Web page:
awareness of industries, and giving back to the                              each student
community. For one employer, the benefit was                     Transportation for students                36%
being “part of a longer process to train a growing
                                                                  Legal guidance on hosting
young workforce.” About 85% of employers                                           students
                                                                                                          26%

surveyed said they were likely to hire a student they                                 Other         8%
hosted for an immersive WBL experience (45%
were “very likely” to hire these students). Echoing                                            0%   20% 40% 60% 80% 100%

this in practice, one employer reported hiring 60–          Source: Delaware Employer Survey, 2019.
70% of high school students who had immersive
WBL experiences with the organization.

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Connecting Delaware’s Students to Careers

Lessons Learned and Recommendations
The following recommendations for Delaware and lessons learned for other states are based on data collected
for this report and knowledge gleaned from studying similar programs in other states.

    •   Develop model career pathways for local implementation: DDOE worked with business and
        industry representatives, educators, and community stakeholders to create Delaware Pathways as
        rigorous CTE programs integrating academic and technical content. Other states can use Delaware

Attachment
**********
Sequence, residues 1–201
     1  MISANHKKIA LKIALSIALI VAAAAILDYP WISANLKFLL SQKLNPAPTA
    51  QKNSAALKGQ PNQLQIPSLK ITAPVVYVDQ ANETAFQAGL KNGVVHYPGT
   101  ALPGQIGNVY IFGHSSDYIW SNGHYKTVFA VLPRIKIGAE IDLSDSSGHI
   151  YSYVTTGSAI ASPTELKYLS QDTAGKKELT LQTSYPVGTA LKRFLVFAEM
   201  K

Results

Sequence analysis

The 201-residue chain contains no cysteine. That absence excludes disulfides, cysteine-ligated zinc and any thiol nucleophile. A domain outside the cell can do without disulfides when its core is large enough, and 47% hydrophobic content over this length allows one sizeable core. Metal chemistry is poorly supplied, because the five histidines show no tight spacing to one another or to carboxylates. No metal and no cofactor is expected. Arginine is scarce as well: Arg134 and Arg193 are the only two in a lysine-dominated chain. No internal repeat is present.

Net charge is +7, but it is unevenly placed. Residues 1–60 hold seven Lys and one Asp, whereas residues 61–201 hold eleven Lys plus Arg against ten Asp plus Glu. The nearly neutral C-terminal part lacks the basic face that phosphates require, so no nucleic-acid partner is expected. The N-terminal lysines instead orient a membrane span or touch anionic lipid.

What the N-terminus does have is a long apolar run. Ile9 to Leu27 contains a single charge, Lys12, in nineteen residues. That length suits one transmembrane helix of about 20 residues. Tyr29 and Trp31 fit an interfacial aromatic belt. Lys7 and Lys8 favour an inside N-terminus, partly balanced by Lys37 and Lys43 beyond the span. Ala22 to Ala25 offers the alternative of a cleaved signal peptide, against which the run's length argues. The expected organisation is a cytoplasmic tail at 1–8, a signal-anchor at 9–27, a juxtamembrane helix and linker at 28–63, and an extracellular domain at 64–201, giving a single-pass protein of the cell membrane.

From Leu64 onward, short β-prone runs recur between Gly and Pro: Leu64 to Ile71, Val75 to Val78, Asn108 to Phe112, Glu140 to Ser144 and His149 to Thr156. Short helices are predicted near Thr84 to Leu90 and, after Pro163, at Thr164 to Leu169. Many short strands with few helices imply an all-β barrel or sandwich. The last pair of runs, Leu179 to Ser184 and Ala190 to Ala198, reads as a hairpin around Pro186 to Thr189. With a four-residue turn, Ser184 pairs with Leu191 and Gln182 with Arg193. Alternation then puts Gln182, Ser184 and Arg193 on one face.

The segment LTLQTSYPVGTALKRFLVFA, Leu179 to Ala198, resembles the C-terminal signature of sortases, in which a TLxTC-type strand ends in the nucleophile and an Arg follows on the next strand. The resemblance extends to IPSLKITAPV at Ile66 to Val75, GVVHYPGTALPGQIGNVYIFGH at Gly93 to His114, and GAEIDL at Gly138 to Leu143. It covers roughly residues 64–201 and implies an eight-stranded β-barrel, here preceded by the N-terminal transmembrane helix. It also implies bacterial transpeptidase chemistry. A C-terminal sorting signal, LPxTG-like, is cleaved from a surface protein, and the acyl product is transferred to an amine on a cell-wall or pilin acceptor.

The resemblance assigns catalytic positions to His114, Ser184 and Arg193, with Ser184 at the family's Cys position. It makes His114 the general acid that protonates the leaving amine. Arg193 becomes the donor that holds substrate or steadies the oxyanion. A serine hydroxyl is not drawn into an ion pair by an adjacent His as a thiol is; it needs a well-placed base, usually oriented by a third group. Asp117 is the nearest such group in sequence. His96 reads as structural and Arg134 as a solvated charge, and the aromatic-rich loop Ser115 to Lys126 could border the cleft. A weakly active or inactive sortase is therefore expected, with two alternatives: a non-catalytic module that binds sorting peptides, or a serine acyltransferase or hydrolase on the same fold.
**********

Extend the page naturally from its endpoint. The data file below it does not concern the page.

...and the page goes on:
Pathways to identify the components of high-quality pathway programs suitable for district adoption
        or emulation.

    •   Offer Delaware Pathways support for schools and teachers: Resources such as phased
        implementation plans, lesson plans, temporary support staff for Delaware Pathway teachers, and
        clarity regarding state funding requirements would be helpful to school staff adopting and
        transitioning to Delaware Pathways. To prepare teachers, externships could help expose more
        instructors to high demand industries and occupations, as well as industry and workplace standards.

    •   Educate parents about the link between Delaware Pathways and postsecondary education: A
        minority of parent survey respondents thought Delaware Pathways were appropriate for college-
        bound students. In addition to providing details on pathway options, outreach to parents should
        emphasize opportunities for students to earn dual credit and the connections between Delaware
        Pathways and postsecondary programs.

    •   Establish a statewide office to improve employer engagement in schools: Delaware established
        an office to serve as the intermediary between industry and education. Other states might consider
        creating positions or a center dedicated to employer engagement to help increase school capacity to
        offer WBL and work with employers.

    •   Customize assistance to districts on employer engagement: The availabilty of employers and
        staff to support business engagement varies by school and district. Schools lacking these resources
        might benefit from targeted technical assistance and technological tools, such as directories of local
        employers willing to work with minors, to support WBL and local employer engagement.
    •   Identify employers for WBL opportunities in all career areas: Students universally endorsed the
        value of working with employers. However, schools cannot always identify enough WBL
        opportunities within each career area to meet student demand, particularly in less densely populated
        regions. Delaware Pathways initiative partners might assess which industries, occupations, or